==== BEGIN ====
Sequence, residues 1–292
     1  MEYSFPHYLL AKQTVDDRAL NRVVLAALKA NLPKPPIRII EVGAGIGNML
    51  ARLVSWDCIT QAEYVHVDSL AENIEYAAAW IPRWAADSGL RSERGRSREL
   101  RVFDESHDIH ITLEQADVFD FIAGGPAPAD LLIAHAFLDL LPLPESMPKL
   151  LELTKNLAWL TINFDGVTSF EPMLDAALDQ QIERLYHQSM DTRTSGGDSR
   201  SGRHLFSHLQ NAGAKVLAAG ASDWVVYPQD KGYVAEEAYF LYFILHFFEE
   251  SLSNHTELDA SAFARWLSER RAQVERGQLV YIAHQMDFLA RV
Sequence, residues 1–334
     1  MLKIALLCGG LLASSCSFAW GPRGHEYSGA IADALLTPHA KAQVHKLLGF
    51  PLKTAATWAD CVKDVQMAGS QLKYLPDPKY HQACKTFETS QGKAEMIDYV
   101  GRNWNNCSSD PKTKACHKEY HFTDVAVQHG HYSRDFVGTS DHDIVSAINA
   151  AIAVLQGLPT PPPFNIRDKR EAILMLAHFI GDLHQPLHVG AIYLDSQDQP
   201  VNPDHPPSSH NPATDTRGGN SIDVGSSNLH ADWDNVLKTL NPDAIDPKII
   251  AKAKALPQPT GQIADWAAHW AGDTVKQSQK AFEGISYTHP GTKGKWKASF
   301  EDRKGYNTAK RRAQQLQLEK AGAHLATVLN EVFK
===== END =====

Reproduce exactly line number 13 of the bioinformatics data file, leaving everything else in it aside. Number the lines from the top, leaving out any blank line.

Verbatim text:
   201  VNPDHPPSSH NPATDTRGGN SIDVGSSNLH ADWDNVLKTL NPDAIDPKII